April 2014
Construction Law Newsletter  
& Georgia Construction Law Update 
Official Publication of the Atlanta Bar Association Construction Law Section
Save the Date!  
Mark your calendars for the following Construction Law Section Events

Details are subject to change. Check your emails and the Atlanta Bar Association website for updates.

Construction Law Section Breakfast
Date: Wednesday, April 23, 2014  
Time: 7:30 a.m. - 9:00 a.m. 
Topic: "Effectively Dealing with Fatalities, Catastrophic Accidents and OSHA Inspections for Your Construction Clients" 
Speaker: Edwin G. Foulke, Jr., Partner, 
Fisher & Phillips LLP   
Section Member: $21 in advance, $25 at door  
Non-Section Member: $36 in advance, $40 at door  
Add $5 to receive 1 CLE hour

Construction Law Section Spring Social 
Date: Wednesday, May 14, 2014  
Time: 5:00 p.m. - 7:00 p.m. 
Section Members: FREE 
Guests of Section Members: $25
Open to Section Members and their guests only!  


Contractors Beware: Quantum Meruit is Not Available if the Government Contract is Not Authorized in Accordance with the Law
By Benjamin H. Sawyer and Nkoyo-Ene Effiong 
Sutherland Asbill & Brennan LLP

The Supreme Court of Georgia's recent ruling in City of Baldwin v. Woodward & Curran, Inc. is a stern reminder to contractors to ensure that all contracts with the government are properly authorized in accordance with applicable law. Failure to do so may foreclose a claim for equitable relief, such as quantum meruit, where a contractor performed pursuant to a contract if that contract is ultimately ultra vires. This case note highlights some of the major takeaways from this Georgia Supreme Court decision and cautions contractors who routinely work with local governments to remain mindful of all applicable procurement and/or contracting laws.


The State is not Liable for Employers that Contract Under Fake Payment Bonds
By Erica E. Harrison 
Associate at Alston & Bird LLP

LRL Ventures and Management ("LRL") entered into a contract with Georgia Southern University ("GSU") to perform janitorial and custodial services, starting late 2009 through 2010. The contract was secured after LRL submitted to GSU proof of a payment bond, which was supposedly issued by The Hartford Fire Insurance Company ("Hartford"). As part of the contract, LRL employees were to clean rooms and refurbish the floors of GSU facilities, and be paid an hourly wage. The employees began work soon after the contract was executed in November 2009. Several months later, however, the LRL employees had not received their proper hourly wage payments.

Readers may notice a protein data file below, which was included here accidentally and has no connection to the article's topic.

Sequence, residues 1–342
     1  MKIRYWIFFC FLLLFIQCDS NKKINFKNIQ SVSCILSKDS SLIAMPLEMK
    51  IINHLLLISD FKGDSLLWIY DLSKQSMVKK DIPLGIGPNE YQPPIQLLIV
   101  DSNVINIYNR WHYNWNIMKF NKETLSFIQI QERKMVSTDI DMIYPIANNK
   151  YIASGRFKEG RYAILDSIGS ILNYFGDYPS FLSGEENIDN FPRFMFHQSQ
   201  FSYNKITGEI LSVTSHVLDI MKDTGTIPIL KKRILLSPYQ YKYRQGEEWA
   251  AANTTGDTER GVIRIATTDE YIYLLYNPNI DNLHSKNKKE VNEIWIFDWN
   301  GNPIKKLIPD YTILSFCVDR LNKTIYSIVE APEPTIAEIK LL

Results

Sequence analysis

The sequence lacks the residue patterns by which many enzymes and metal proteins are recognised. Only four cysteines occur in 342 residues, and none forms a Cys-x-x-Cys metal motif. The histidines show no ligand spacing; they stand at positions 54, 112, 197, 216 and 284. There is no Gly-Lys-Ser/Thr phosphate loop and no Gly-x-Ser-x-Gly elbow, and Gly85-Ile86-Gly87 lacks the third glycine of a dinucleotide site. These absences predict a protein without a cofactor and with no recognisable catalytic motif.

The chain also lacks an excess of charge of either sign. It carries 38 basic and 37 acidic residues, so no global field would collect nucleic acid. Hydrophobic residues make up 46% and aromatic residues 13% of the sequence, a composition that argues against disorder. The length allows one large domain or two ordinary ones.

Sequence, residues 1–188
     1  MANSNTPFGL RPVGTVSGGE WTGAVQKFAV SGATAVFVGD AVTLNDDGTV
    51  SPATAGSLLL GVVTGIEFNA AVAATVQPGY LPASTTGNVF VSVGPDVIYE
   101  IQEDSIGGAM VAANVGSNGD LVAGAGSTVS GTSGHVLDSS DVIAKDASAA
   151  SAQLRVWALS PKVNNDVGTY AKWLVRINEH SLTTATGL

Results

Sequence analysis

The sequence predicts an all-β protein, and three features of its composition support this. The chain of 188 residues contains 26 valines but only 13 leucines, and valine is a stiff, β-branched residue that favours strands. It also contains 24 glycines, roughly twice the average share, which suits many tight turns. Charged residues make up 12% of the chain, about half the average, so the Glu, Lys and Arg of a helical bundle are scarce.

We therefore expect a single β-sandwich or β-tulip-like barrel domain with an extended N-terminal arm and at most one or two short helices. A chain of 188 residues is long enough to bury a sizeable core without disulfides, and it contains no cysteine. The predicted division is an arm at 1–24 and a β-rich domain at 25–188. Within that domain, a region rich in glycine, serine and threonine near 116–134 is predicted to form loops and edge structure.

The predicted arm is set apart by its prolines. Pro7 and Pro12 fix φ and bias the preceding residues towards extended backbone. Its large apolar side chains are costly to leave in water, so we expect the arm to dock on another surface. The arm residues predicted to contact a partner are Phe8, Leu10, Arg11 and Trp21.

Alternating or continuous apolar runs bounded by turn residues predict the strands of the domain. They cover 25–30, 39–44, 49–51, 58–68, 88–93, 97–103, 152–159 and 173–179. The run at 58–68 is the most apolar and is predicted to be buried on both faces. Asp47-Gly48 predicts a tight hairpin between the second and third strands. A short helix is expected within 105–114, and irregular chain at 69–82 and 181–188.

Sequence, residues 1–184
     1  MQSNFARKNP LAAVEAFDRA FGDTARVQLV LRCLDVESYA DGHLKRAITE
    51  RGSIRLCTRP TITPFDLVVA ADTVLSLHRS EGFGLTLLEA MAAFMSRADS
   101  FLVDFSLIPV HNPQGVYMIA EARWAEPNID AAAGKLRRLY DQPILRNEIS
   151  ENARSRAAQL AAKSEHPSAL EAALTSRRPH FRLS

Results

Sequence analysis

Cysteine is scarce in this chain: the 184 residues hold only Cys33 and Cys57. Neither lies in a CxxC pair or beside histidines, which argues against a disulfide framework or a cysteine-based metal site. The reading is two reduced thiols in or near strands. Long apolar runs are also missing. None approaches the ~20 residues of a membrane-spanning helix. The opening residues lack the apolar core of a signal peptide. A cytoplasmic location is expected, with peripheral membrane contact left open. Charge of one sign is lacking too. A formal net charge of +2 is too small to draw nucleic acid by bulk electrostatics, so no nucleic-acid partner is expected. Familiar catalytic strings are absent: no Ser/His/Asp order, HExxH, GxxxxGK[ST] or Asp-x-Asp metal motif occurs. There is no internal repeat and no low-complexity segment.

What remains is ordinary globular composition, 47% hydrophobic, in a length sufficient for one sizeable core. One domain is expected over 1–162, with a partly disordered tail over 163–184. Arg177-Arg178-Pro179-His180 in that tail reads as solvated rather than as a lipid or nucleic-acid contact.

Termination of a Contract is a Risky Business
By Stephanie Stewart 
Freeman Mathis & Gary, LLP

In November of 2013, the Georgia Court of Appeals ruled that a jury, not a judge, should have decided whether a subcontractor had "repeatedly" failed or neglected to carry out its work in accordance with the contract and failed to cure those defects within 10 days after notice. The general contractor terminated the subcontract after four alleged violations of its terms by the subcontractor. The subcontract contained a relatively typical clause allowing for termination if "repeated" defaults were not timely cured.

Res Judicata Defense is for Arbitrator, Not Court, to Decide in Arbitration under the Federal Arbitration Act
By Frank O. Brown, Jr. 
Weissman, Nowack, Curry & Wilco, P.C.